Should we Trust the Wisdom of Crowd: Crowd-Sourcing?
The Wisdom of Crowds
In my own opinion, I tend to think that crowds should never be trusted given the fact that there is an assumption that crowd means everyone in any place in the community. It can prove a great disaster when you wish to crowd-source without first determining who actually should be brought to book and get involved in the matter otherwise the crowd will be a disappointment. It is important to highlight that crowd sourcing is something more than a suggestion box. It is important that all the details and the basic ideas be selected intelligently from a technocratic point of view before the wisdom of the crowd is asked for. The crowd is prone to manipulation, persuasion and lies which compromises the knowledge of an expert scrutiny (Quinn& Bederson, 2011).
One of the major ways through which the internet has influenced the power and pitfalls of crowd sourcing is over-inflation. It is a fact that presently, the internet has been contaminated by grade inflation. The biases in the internet have become prominent with the fact that the opinions and views of independent individualsand everyone are not listened to(Quinn& Bederson, 2011). Reasoning of the crowd does not allow any descending opinion to be put across irrespective of how logical it may be. It is therefore very clear that internet out-sourcing has a lot of pitfalls some of which include lack of confidentiality, lack of direction establishment, some of the good talents are missed out, and misleads that arises from popularity battles among other disadvantages. It is therefore important to conclude that we should never trust the wisdom of the crowd because its demerits outweigh its merits (Skene, 2009).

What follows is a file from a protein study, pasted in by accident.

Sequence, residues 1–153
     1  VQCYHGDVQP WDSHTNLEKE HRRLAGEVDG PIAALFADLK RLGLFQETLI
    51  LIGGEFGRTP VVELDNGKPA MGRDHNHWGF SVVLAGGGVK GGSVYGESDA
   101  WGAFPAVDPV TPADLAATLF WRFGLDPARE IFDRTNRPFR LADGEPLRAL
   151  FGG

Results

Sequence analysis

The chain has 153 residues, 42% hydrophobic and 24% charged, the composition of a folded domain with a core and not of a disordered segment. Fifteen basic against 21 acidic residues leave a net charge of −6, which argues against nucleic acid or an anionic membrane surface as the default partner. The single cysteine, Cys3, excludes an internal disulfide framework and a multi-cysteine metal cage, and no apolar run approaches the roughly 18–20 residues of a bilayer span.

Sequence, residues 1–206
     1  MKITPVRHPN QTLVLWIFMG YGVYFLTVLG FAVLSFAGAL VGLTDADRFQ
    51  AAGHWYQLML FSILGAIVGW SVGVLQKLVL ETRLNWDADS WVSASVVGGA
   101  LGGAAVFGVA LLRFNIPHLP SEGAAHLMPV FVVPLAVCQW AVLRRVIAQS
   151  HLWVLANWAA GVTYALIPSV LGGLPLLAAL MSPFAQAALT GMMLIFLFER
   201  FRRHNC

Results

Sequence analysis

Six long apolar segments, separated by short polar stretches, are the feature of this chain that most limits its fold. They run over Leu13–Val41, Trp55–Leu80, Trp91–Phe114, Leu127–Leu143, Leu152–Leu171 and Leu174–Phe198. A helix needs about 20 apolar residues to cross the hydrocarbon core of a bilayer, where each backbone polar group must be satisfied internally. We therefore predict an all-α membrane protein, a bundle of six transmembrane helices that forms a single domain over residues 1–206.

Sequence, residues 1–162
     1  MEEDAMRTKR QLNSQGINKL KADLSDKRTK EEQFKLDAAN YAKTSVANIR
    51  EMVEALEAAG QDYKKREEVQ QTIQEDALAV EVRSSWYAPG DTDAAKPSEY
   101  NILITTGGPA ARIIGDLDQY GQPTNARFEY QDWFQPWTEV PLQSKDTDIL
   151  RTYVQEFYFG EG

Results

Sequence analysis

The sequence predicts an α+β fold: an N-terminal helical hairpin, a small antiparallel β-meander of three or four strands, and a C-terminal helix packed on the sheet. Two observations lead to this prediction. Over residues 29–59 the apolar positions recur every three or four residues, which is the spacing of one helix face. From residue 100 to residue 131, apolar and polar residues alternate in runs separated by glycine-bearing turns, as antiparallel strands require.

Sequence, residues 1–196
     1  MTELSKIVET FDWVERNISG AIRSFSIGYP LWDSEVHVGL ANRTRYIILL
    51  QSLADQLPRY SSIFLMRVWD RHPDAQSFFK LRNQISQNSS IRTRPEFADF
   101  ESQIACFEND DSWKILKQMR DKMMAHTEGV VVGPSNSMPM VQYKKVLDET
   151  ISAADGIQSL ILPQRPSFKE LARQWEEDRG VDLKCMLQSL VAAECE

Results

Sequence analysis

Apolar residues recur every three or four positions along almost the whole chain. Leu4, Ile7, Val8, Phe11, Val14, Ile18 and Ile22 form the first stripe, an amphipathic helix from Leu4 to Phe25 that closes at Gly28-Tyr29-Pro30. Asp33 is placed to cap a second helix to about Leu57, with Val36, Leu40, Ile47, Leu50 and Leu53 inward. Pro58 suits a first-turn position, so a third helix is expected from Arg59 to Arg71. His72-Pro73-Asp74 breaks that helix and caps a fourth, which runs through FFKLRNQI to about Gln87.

Quinn, A. & Bederson, B. (2011). “Human computation: a survey and taxonomy of a growing field,” inProceedings of the 2011 Annual Conference on Human Factors in Computing Systems (CHI), pp.1403–1412.
Skene, M. (2009).Maximum likelihood estimation of observer error-rates using the emalgorithm. Applied Statistics, 28(1): 20–28,